APOSTOLOS LAVDAS (1940 – ) was born in Piraeus in 1940. He studied painting at the Ecole des Beaux-Arts (1962-1965) in Brussels, and the Ecole des Beaux-Arts (1965-1966) in Paris. The work consists mainly of human figures, which attaches with expressionistic mood. He uses rich colors with immediacy and spontaneity. He prefers the dynamic themes, which include the human form in motion (compositions with athletes, runners, riders, etc.). Lavdas superimposes color levels with sharp and wide brush strokes, giving them specific direction and color flow. He avoids designing contour and the viewer’s gaze understands the subject through color correlations. The movement and time are interwoven with the works of Apostolos Lavdas. The artist seeks to capture moments in time which he then highlights giving them the leading role.
“The subject matter of jockeys and runners concerns me for more than thirty years,” says the artist himself. “When I was living in Paris, I was watching from my window the stud farm where horsemen started and finished their course. This vital image that was repeated daily inculcated in my memory and since then was for me an inexhaustible source of inspiration.” The first jockeys were exhibited in Antwerp in 1965, in an exhibition organized by the Cultural Center of the city, where Lavdas was also awarded the first prize. Twelve years later in 1977 at the International Exhibition of Modern Art in Florence he also wins the first prize. A new creative period marks the evolution of Apostle Lavda’s paintings. It is the time when the artist frees his work from the dependencies of the past.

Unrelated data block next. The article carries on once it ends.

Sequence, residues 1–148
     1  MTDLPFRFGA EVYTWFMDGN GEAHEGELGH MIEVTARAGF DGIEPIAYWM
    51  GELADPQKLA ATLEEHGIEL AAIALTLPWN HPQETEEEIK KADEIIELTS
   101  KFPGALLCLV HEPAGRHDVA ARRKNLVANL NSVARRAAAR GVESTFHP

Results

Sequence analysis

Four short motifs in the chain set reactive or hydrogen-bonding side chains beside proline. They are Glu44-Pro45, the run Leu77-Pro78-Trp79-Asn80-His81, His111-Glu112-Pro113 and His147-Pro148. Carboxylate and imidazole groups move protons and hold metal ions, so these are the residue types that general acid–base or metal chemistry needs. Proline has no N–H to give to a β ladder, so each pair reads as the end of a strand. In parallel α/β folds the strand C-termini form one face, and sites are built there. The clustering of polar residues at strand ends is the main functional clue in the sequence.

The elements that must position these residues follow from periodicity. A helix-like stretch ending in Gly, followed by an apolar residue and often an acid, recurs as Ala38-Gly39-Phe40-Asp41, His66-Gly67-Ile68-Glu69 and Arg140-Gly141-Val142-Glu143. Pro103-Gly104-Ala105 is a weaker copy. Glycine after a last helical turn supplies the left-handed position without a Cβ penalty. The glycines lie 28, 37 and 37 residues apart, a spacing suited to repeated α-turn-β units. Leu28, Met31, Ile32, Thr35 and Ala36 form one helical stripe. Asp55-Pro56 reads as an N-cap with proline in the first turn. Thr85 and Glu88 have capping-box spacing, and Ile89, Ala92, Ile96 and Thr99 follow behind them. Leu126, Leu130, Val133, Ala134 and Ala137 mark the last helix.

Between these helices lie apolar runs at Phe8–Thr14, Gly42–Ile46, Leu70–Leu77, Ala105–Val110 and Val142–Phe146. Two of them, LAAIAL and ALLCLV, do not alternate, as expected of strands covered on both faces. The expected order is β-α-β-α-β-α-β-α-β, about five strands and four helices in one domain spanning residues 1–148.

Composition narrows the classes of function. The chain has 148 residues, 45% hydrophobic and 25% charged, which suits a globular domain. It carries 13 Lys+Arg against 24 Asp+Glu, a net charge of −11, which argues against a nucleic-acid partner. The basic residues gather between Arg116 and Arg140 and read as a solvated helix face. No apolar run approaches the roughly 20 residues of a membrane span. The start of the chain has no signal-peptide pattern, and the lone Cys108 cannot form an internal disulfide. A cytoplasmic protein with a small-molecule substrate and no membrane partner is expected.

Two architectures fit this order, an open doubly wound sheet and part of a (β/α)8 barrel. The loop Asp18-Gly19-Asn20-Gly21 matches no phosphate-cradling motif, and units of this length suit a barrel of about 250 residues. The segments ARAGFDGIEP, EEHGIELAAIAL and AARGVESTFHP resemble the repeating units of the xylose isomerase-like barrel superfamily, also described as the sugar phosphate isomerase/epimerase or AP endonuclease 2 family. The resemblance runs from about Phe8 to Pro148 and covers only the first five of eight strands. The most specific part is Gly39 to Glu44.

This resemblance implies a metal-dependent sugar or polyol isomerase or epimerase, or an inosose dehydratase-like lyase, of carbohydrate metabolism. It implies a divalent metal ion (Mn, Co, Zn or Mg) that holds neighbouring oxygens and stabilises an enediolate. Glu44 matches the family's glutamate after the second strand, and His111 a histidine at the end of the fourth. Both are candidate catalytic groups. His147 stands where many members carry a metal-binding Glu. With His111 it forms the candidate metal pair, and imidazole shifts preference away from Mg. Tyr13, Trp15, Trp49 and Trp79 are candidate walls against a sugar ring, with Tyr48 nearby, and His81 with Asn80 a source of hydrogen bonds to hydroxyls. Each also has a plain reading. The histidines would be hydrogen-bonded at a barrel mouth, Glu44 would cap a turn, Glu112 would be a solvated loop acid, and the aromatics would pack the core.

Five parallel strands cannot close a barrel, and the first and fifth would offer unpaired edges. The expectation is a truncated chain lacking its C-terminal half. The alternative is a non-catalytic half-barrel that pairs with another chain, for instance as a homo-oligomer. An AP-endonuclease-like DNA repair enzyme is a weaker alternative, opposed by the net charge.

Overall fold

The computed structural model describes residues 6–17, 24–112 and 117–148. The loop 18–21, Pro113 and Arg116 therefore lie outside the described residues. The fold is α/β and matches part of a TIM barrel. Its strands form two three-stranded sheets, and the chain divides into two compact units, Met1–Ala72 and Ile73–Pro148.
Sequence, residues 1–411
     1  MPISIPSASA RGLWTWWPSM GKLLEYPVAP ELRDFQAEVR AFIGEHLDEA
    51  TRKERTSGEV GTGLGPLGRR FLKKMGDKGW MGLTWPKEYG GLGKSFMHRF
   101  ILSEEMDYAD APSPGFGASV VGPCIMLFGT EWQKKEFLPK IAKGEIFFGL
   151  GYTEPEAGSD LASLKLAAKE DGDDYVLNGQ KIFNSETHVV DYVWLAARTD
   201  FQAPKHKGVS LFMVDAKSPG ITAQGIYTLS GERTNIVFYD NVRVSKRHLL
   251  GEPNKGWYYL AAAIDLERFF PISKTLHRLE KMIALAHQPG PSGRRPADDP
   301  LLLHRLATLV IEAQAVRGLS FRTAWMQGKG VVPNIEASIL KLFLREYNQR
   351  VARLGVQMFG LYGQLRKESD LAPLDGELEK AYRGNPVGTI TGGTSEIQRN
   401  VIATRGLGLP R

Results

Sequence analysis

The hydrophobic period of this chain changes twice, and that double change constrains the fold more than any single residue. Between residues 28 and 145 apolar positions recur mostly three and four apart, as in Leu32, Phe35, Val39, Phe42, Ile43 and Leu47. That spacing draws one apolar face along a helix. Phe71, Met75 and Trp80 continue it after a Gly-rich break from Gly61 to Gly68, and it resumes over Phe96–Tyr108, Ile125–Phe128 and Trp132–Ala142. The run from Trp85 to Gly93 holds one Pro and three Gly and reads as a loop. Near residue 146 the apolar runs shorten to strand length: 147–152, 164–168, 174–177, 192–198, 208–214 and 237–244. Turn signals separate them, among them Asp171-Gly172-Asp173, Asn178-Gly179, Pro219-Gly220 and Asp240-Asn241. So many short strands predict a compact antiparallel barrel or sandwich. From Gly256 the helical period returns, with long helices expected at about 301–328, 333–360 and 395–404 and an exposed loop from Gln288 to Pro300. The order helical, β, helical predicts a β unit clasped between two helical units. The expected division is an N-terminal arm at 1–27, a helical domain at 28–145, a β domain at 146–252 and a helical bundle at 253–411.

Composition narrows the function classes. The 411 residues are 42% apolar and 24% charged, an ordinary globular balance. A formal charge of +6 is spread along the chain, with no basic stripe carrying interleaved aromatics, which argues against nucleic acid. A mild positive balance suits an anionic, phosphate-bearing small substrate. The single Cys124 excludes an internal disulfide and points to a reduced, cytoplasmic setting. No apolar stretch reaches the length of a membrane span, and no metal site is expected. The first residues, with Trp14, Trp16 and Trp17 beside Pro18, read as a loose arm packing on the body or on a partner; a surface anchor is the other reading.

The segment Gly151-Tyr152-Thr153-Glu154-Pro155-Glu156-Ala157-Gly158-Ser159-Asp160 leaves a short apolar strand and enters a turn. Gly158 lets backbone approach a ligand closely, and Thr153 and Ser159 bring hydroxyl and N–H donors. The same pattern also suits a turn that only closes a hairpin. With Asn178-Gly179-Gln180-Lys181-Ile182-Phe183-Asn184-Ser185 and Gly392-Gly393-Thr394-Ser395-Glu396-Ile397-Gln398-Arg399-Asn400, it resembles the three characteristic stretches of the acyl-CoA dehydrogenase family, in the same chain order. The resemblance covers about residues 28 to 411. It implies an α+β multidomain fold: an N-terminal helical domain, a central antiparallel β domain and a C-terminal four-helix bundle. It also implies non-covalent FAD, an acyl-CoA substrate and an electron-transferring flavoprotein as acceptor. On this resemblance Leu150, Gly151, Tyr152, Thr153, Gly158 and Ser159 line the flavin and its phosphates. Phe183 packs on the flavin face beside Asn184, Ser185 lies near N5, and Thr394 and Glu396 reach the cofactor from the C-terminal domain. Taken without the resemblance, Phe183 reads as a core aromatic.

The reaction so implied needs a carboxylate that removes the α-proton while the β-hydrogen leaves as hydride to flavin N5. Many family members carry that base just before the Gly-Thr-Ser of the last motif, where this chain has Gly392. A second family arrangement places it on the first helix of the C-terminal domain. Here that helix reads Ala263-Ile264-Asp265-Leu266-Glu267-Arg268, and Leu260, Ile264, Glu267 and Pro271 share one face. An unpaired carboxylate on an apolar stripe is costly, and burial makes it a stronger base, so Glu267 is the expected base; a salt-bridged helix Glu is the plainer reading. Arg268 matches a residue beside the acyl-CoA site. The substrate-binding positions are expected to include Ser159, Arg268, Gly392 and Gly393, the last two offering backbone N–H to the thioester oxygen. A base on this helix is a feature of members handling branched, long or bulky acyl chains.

Lavda’s return in Greece in 1978 was dynamic with solo exhibitions that kick started his career. In 1985 the ‘jockeys’ which were presented in a solo exhibition in collaboration with Alexander Iola, (the international patron of art who supported Lavda’s paintings) created a hype. As the years were passing by, Lavda’s works got much more interesting forms revealing a new world balance, more supple construction, most robust visual arts and open to a variety of renewing transformations.
However, no matter our tries to decipher Lavdas’work, he manages to leave the viewer to unravel the thread of his personal thinking. The artist insists that he is a “street artist”, a painter in the traditional sense of the term, a “romantic blasted’ that has eluded from the changing fashions of the system and still manages to enjoy the pleasure of pure painting.